In any case, as our headline points out, more cops are killed by their own weapons (51) than weapons obtained by so-called “straw purchase.” Just sixteen citizens bought cop-killing firearms for a felonious friend. Sixteen out of 511. That’s a hair over three percent.

Let’s extrapolate the cop-killing data to gun-related fatalities in the general population in the most statistically crude and gun control-favorable way, say, by multiplying the straw purchase stat by ten.

Even at 30 percent, “straw purchases” don’t seem worth the time, money and effort needed to chase them. Should we really be giving The Bureau of Alcohol, Tobacco, Firearms and Explosives $1.4 billion dollars every year to go after these straw men (and women)?

By the same token, just three people bought their murder weapons at a gun show illegally. OR from private sellers. So . . . less than three. Let’s be charitable and call it two gun show guns. That’s two firearms out of 511, or less than one half of one percent. Let’s be charitable (to gun control groups) and call it one percent.

Again, let’s extrapolate the cop-killing data to gun-related fatalities in the general population in the most statistically crude and gun control-favorable way; again, by multiplying the stat by ten. Even at 10 percent, you can round to zero the importance of gun shows to murders.

In general, states with looser gun laws had higher rates of fatal shootings of police officers, overall handgun killings, and sales of weapons that were used in crimes in other states, according to a 2008 study underwritten by Mayors Against Illegal Guns, a coalition of 300 mayors led by New York’s Michael R. Bloomberg. That study looked at police shootings in the aggregate but did not trace the origin of the guns.

What was that about lies, damned lies and statistics? Even a Beltway journalist must know that correlation does not equal causation—especially when the person making the connection fails to provide relevant data or theoretical justification. But wait! There’s more!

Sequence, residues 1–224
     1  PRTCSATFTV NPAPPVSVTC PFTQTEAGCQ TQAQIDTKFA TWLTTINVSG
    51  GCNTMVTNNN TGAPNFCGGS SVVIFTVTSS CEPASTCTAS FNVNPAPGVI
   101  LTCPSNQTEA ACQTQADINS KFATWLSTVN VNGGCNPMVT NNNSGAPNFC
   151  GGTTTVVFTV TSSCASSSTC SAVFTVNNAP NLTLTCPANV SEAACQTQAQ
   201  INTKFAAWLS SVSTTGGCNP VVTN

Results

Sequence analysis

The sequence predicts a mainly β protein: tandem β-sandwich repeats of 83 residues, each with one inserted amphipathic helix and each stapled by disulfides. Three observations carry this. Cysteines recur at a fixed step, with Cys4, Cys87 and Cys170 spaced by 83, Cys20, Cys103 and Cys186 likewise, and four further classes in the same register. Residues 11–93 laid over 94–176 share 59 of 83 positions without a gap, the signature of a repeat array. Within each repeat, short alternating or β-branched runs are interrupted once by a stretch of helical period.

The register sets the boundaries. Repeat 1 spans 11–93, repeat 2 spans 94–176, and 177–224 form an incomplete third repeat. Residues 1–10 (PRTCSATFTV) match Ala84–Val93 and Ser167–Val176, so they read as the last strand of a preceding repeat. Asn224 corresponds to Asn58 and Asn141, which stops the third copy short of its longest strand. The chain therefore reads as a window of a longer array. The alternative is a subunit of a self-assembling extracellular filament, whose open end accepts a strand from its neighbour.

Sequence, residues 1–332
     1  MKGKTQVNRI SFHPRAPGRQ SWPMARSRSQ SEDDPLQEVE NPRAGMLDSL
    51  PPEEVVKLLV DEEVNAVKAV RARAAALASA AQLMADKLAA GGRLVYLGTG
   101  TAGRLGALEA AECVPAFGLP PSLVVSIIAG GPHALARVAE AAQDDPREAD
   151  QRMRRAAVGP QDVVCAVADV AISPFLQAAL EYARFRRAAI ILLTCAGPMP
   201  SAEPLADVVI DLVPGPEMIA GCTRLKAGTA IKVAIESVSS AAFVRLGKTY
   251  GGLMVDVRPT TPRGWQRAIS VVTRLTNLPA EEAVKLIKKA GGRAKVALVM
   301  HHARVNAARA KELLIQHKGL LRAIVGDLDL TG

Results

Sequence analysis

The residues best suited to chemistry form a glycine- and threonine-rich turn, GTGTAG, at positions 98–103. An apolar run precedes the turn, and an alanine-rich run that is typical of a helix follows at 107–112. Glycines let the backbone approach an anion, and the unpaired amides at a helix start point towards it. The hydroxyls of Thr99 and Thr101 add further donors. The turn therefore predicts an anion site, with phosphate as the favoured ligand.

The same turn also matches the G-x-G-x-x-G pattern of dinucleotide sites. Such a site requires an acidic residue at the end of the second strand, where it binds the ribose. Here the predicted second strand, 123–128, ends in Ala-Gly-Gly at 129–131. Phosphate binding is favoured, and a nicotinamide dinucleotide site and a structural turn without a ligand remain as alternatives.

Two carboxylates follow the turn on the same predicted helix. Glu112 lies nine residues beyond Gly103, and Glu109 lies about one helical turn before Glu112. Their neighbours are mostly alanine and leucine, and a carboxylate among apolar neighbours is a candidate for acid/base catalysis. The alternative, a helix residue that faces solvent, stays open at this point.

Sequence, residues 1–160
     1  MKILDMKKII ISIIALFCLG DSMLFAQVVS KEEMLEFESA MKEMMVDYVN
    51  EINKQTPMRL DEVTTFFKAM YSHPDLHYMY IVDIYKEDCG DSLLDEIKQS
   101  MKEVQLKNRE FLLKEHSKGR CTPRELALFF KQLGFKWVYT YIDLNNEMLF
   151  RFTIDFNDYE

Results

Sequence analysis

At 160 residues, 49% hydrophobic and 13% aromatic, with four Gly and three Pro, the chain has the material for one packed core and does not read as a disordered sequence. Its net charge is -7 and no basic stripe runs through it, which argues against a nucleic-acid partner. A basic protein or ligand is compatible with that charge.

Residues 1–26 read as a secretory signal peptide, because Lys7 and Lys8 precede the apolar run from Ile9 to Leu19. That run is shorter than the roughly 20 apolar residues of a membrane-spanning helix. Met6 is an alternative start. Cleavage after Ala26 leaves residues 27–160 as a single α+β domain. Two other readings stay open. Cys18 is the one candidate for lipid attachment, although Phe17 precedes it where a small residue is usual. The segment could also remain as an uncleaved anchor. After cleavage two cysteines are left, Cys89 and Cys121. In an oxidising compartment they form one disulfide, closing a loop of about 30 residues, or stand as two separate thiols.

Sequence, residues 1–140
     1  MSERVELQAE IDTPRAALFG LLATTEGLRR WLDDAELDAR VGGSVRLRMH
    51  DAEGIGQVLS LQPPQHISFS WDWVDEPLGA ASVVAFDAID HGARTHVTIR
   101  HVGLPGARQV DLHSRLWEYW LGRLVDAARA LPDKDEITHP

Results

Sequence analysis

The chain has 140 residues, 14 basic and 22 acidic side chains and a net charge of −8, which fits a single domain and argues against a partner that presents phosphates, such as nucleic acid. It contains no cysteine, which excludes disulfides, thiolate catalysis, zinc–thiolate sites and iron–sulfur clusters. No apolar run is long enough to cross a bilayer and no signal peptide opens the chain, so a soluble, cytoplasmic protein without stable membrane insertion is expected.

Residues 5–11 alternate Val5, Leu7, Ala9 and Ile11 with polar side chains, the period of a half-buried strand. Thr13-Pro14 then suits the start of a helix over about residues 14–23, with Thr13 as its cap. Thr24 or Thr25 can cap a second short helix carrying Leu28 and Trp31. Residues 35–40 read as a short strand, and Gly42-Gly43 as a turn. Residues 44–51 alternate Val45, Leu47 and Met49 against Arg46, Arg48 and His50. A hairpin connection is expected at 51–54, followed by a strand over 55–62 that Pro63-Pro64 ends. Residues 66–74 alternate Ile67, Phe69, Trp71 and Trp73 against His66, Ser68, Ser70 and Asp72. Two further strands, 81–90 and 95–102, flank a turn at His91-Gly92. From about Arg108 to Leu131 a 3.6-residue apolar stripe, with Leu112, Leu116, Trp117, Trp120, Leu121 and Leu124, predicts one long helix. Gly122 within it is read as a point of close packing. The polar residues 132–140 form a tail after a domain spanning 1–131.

“We are finding here cases in which felons have been able to acquire guns even though they shouldn’t, but we are also finding cases in which people who have criminal [misdemeanor] records but remain eligible to buy guns do buy those guns and then kill cops with them,” [Garen Wintemute, a professor of emergency medicine and director of the Violence Prevention Research Program at the University of California at Davis] said. “Any effort to find a pattern in these tragedies is helpful, because patterns often lead to solutions.”

How many cases? What are the control and independent variables? How can a supposedly reputable paper like the Washington Post undertake a year-long investigation into guns used in crimes, uncover hard data on the source of guns used to kill cops, and then publish blatantly misleading propaganda from the MAIG and a pro gun control academic?

By page three, the Post has abandoned all pretense of proper journalism. The story devolves into the usual highly-emotional recounting of tragic death, with each case listed under the appropriate sub-head: legally obtained, straw purchase, etc. No analysis. No conclusion. Just death and destruction.

The only proper conclusion here: to curtail gun-related murder in the United States, society must focus on the felons, not the firearms. Especially not the people who purchase firearms legally. They are not the problem.

Law-abiding citizens—including the one who take crime seriously enough to buy a gun—are the solution. Their tax money pays the police to tackle violent crime. Put another way, there is no legislative solution to gun crime. It’s an enforcement issue. We should honor and respect the police who sacrifice their lives to defend the law by facing the truth about guns.